Radiant Sprint Weekend Recap
We had a phenomenal sprint weekend (more like marathon) in Carrboro, NC at Carrboro Creative Coworking thinking, talking, and hacking on Radiant. A big thanks to Brian Russell for donating the space and being so helpful despite being sick! Below are some thoughts and summaries from some of the participants.
It was a great weekend. Sean headed up the work on the code and I worked with people who were interested in helping implement the new design. I’ll let Sean tell you more about the work that was begun on code, but I can tell you a little of what was accomplished on the design side.
The most visible stuff was integrating the work Chris Parrish has done on the HTML for the new design. You can see some of the results in the prototype. (There’s a README in the prototype project on GitHub for getting it up and running.)
Jim Gay spent some time working on rewriting the HTML for the treeview to use a list instead of a table. He didn’t complete it, but some valuable things were learned along the way and we had some good discussions about how the real-estate can be better used on the pages tab.
Daniel Beach worked on the HTML for custom page attributes. When this is integrated it will make it easier for people to add custom attributes to pages for configuration and some of the other things that they are using page parts for. You can see some of the results in his fork of the radiant prototype.
Justin Blecher did some wireframes that sparked some of the treeview discussions and wrote up some excellent suggestions for improvements to the website and documentation.
I pretty much presided over the work being done and talked a lot. :-) To me the most valuable part of the weekend was not so much the work that was done, but the relationships that were formed. I am hoping that the groundwork was laid for some exciting contributions from folks in the future.
As a side note anyone interested in helping with design stuff on Radiant should check out the radiant-mockups and radiant-prototype projects on GitHub. The mockups project contains a lot of the ideas for the new UI. And the prototype contains the HTML for some of the new things that are being developed. If you are interested in helping, fork the prototype, implement your idea, and tell us about it on the mailing list. If we like it, your changes will be incorporated into the official prototype and will be slated for development for sometime in the future. Also contributions and improvements on the HTML and CSS are welcome!
The primary goal I had for this weekend was to make headway on a refactoring of the admin interface toward a conventional RESTful design. These changes will be rolled into the 0.6.10 release to give time for developers to update their extensions before 0.7.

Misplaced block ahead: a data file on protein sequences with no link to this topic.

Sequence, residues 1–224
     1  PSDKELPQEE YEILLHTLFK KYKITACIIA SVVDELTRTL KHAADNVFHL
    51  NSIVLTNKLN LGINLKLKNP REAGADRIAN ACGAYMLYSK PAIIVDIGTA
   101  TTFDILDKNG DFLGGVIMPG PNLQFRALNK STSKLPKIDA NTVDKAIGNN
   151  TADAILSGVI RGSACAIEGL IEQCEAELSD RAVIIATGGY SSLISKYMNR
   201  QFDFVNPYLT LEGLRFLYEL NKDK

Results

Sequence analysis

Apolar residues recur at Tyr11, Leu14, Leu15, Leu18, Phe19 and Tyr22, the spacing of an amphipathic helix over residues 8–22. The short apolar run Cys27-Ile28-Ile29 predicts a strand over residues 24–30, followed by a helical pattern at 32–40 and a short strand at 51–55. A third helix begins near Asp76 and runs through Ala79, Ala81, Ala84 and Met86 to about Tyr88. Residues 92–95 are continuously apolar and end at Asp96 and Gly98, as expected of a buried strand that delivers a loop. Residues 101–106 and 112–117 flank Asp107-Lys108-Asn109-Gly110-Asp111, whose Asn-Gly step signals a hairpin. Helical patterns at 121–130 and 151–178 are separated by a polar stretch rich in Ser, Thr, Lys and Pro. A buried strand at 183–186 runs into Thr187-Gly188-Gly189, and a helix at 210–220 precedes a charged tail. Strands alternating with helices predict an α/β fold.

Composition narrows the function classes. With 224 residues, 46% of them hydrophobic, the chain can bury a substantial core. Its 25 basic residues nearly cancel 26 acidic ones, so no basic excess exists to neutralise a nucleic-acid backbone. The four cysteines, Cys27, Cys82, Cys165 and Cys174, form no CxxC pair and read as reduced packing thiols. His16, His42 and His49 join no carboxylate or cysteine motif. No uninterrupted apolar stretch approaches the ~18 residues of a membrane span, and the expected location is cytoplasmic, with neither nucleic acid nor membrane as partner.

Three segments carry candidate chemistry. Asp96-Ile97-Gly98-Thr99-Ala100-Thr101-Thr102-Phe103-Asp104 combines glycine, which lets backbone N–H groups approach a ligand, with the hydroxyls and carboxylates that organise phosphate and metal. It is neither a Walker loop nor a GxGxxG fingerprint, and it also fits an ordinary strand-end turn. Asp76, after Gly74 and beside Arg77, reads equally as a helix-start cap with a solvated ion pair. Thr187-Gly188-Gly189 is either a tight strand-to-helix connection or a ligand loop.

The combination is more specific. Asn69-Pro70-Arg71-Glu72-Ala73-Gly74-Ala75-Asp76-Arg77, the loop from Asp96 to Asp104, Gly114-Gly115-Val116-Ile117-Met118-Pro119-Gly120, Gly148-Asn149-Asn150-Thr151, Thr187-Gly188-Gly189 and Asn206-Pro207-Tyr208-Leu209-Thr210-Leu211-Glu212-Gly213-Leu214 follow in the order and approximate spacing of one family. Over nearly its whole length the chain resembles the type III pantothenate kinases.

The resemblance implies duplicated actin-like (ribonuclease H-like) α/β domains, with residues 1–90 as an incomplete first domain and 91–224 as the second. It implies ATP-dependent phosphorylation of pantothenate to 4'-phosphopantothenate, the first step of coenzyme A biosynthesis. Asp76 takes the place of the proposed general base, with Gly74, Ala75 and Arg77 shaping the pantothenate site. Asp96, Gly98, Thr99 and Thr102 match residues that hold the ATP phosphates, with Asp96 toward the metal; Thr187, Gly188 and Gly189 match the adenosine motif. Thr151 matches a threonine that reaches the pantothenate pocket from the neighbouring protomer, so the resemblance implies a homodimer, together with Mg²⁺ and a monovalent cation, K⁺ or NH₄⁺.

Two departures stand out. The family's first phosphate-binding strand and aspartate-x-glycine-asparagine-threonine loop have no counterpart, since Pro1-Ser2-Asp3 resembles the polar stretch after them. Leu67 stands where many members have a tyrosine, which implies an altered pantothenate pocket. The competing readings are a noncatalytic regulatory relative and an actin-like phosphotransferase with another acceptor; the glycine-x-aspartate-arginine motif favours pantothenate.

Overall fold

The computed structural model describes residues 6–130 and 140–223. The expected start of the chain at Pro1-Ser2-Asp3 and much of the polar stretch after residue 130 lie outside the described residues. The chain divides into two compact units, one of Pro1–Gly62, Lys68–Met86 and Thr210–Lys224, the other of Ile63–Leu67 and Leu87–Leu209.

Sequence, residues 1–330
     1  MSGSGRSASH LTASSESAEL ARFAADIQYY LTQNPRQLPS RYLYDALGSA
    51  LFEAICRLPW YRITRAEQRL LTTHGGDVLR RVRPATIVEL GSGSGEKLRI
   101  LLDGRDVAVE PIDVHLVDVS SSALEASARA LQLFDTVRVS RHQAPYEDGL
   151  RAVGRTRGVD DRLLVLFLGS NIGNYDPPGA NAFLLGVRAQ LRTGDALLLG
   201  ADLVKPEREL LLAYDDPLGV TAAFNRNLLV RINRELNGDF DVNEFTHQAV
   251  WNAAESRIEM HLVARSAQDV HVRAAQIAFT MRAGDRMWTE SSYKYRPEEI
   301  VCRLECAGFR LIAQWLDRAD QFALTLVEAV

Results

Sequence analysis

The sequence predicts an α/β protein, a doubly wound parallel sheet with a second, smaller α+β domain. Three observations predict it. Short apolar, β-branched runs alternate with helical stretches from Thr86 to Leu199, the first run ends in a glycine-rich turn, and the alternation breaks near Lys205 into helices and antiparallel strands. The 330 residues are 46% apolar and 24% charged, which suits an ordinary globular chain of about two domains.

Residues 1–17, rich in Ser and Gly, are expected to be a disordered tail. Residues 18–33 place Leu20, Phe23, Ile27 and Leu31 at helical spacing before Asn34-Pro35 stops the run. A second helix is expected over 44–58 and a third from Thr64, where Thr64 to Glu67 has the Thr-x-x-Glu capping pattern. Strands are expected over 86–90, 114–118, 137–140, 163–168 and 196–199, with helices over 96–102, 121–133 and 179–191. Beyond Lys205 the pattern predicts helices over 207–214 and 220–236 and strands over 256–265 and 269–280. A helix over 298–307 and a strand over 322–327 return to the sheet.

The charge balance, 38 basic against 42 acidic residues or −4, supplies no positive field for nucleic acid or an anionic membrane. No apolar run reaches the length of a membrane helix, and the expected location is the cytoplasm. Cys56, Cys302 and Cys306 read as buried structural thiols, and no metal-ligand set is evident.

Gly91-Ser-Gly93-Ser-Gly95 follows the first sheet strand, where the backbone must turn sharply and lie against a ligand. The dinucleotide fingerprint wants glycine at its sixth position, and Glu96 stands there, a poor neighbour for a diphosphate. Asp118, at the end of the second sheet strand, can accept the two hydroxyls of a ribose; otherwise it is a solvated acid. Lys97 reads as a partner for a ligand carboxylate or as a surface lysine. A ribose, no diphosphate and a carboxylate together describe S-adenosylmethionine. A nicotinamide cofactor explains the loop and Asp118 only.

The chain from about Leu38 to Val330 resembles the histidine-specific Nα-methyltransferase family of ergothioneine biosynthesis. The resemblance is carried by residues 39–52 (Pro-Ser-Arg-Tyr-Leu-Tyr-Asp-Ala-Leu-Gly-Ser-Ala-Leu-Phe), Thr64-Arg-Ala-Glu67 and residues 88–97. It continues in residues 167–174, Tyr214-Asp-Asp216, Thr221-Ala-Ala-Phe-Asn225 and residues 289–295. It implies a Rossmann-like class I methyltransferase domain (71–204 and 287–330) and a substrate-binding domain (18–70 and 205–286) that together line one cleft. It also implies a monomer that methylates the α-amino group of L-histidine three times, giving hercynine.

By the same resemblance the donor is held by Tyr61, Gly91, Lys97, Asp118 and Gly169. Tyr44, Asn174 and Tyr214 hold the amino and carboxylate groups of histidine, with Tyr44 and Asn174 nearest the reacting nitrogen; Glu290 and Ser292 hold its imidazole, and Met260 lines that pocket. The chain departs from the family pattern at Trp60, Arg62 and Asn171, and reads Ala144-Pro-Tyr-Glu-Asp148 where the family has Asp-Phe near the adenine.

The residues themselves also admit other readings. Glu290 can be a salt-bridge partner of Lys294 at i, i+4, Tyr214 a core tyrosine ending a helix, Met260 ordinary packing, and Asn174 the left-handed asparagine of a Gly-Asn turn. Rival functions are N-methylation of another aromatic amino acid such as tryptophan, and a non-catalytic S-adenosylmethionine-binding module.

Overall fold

Clinton Nixon helped refine the design of the parent controller for all primary resources in the interface and converted a number of the controllers and their specs to the new design.
Rick DeNatale showed up midday and paired with me while I was working on refactoring the Page interface, which happens to be the most complicated one. Like a good pairing partner, he kept me honest about writing specs.
Adam Williams started writing integration specs for the admin interface using his spec_integration plugin and was joined midday by Mark Imbriaco in a pairing session. Many bugs were squashed and edge cases discovered thanks to them, including an esoteric bug involving an extension that only gets loaded in test mode. We’ll be reducing the number of controller unit/functional specs and relying more on integration specs going forward.
Brian Landau worked on creating an extension migration generator and specifications for the other generators.
Andrew O’Brien implemented a much needed and obviously missing
to_slug method for the
String class, among other things.
As I mentioned before, I worked on creation of the
Admin::ResourceController and conversion of most of the existing controllers to the RESTful design. In the course of this, I was able to contend with the dirty-tracking “feature” of Rails 2.1. The existing models, including
Page, should act as expected.
You can follow our work in the rest branch of the core repository. This branch will be squash-merged once ready for the mainstream.
Andrew O’Brien, Mike Hale, Luke Meyer, and myself started work on extending the page class to accept arbitrary attributes — booleans, integers, timestamps, &c. This pattern shows up in numerous extensions and we saw a need for a generalized solution.
The primary goal was to expose a number of simple object types (single-dimensional data, like the existing metadata fields) and allow these to be managed via a mechanism similar to the page-parts interface. We’re also aiming for a solution that can eventually be extended to accept complex data structures. You can follow our progress at http://github.com/jfrench/radiant-page-attributes.